Courtesy of Chanel

Courtesy of Chanel

Loewe

Loewe fall/winter 2017

Courtesy of Lonchamp

Courtesy of Lonchamp

Max Mara spring/summer 2017

Max Mara spring/summer 2017

Saint Laurent spring/summer 2017

Saint Laurent spring/summer 2017

Moschino fall/winter 2016

Moschino fall/winter 2016

Loewe

Courtesy of Max Mara.

Max Mara.

Courtesy of Max Mara.

Courtesy of Moncler Grenoble.

Courtesy of Moncler Grenoble.

Chanel

Courtesy of COS

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Le Corbusier, Flip Flops, and Sublimity at Chanel Haute Couture

After a whirlwind tour of supermarkets, Dubai, and Texas, Karl Lagerfeld found his way back to Paris for the presentation of his Chanel fall/winter 2014–15 haute couture collection. Set in the Grand Palais, the collection staged a meeting between Le Corbusier, pioneer of modern architecture, and the glistening, though outmoded, palace of Versailles.

As is the Lagerfeld way, Chanel Haute Couture reinterpreted the historical and the histrionic for a clean, modern, and staggeringly innovative collection. The cream, charcoal, ice blue, and fiery red ensembles might even appear stark if not for their ornate gold embellishments and intricate fabrics.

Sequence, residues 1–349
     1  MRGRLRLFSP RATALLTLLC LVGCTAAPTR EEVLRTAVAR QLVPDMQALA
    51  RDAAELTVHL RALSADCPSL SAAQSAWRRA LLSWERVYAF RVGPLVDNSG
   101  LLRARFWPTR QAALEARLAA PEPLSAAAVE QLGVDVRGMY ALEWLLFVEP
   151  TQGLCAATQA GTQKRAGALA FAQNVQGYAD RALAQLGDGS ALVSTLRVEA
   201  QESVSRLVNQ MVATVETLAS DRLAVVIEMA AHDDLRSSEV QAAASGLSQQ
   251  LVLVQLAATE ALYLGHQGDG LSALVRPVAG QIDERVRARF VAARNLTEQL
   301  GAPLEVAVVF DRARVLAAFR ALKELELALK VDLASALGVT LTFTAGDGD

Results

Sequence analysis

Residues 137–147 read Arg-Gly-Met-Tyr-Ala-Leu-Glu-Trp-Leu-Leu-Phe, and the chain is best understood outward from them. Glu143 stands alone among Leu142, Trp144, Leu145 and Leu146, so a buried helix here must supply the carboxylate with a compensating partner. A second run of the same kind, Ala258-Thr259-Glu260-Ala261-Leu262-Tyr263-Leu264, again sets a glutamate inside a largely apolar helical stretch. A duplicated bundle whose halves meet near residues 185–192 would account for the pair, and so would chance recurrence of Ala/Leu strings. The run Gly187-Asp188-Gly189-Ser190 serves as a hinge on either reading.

Classic Chanel tweeds, tulle, and chiffon were combined with concrete, a tribute to Le Corbusier’s ardor for the material. Thanks to a technique that took three years to perfect, concrete was—for the first time—perforated, embroidered, and trimmed with pearl and crystal.

As per the spring/summer 2014 haute couture collection, corsets reappeared, this time matched with voluminous, round skirts, for a seamless, visionary silhouette. Other gowns took on tulle-covered feathers and empire waists, a streamlined ode to 18th-century France.

Mindful of his recent track record of unconventional footwear, Lagerfeld’s quiffed models sported almost exclusively des tongs très chic (very chic flip flops). The sandals relaxed the sophisticated, flawlessly constructed clothing, thus grounding a collection that reached sublime heights.

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